A few months earlier, one of the boats sank, drowning all 12 tourists aboard. Since our boat was a newer one, we didn’t let that deter us and the cruise was a trip highlight.
With a population of 90 million in an area one-third the size of British Columbia, Vietnam is crowded, and the streets choked with traffic. With ten rows of motorbikes approaching from both directions and few traffic lights, trying to cross a street can seem futile. The Vietnamese simply saunter slowly across, letting the traffic swerve around them. In Hue, my travel companion plucked up her courage and crossed the street Vietnamese style. When I was unable to do the same, a local man, chuckling at my predicament, marched over, took my arm, and led me across.
The main attraction in Hue is the Imperial City, built in 1805 and modelled after the Forbidden Palace in Beijing.
We took the local train from Hue to Da Nang; it was old, but adequate, and the fare only three dollars. Our guide book said it was a four-hour trip. After two hours, the train made its first unannounced stop. As there were no signs in English, or other Englishspeaking passengers to ask, we assumed it wasn’t our stop and stayed on board. As the train pulled out of the station, the conductor appeared, glanced at our tickets, threw her arms up and exclaimed, “Ah your stop!” Realizing the next station was hours in the opposite direction, half-jokingly I asked if she could stop the train. She rushed away but soon returned saying, “Hurry, train stop, not long.”
The train groaned to a stop, the other passengers helped throw our luggage out, and we jumped into a pile of rubble at the side of the tracks. After we’d cheerily waved goodbye to the laughing passengers, we realized we were miles from the nearest town. We were spared a long hike by a helpful local.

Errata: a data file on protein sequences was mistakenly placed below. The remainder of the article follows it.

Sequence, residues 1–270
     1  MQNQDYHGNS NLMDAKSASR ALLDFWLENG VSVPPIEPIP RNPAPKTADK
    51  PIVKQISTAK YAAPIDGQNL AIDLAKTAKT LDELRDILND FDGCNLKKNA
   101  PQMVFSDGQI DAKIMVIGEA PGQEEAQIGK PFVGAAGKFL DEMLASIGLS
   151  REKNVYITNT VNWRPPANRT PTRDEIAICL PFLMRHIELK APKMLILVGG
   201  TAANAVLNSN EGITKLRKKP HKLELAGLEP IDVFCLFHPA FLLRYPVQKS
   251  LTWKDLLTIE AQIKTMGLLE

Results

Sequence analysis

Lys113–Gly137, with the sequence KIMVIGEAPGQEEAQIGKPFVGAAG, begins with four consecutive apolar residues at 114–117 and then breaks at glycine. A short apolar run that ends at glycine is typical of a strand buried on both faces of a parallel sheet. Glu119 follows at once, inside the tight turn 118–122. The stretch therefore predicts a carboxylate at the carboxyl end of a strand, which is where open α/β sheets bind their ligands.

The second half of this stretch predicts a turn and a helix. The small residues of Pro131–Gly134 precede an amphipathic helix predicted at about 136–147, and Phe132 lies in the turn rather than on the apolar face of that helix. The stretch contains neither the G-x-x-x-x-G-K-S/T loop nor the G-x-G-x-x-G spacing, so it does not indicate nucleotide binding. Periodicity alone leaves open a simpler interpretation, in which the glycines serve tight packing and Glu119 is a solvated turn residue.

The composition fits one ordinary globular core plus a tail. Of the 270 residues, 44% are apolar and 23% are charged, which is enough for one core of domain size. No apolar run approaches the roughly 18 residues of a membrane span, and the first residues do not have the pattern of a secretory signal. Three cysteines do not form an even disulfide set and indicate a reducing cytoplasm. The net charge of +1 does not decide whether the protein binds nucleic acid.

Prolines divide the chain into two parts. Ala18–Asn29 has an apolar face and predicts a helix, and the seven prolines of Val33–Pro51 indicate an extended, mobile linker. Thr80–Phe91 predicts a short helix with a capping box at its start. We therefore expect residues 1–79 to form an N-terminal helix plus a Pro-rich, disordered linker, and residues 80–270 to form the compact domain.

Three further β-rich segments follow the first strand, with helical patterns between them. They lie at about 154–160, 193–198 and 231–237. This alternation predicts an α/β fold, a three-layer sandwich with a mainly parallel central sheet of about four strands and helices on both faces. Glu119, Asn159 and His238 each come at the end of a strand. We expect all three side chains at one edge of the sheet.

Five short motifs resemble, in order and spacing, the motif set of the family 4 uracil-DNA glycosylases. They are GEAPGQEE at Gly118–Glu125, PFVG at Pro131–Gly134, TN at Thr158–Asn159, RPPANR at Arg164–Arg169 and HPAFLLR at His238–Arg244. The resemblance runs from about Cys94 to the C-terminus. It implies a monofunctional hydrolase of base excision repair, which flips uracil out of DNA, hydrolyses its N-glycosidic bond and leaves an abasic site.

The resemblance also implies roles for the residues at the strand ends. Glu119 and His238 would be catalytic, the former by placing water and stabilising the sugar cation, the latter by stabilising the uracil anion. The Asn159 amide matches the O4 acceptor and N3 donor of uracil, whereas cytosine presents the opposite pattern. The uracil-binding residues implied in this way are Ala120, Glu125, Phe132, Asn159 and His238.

Having admired a dress that Julianne had made in Hoi Ann, a shopping paradise famous for its tailors and seamstresses, we went on our own shopping spree and had 16 items custom-made in two days. Our best buys included cotton sun dresses for $15, embroidered silk dress for $30, and a cashmere wool winter jacket lined with silk for $45. The quality and service ranged from excellent at Mekong Tailor, to poor from seamstresses in the cloth market.
Although custom-made clothing can be made overnight, with an overwhelming choice of fabric, designs and tailors, three full days in Hoi Ann would have given us time for lastminute alterations.
In Siem Reap, the town closest to the famed Angkor ruins in Cambodia, we stayed at the Borei Angkor Resort and Spa. The service was, by far, the best I have experienced anywhere in the world. Upon entering the lobby resplendent with mahogany wood, we were greeted by a hostess offering glasses of pandan ice tea. After inviting us to sit, she checked us in as we were serenaded by a lady playing a Khmer xylophone.
Our hotel room was a luxurious retreat swathed in raw silk, with a spa-like bathroom complete with a rain shower. All this luxury cost $60 per night, including airport shuttle and an extravagant breakfast buffet.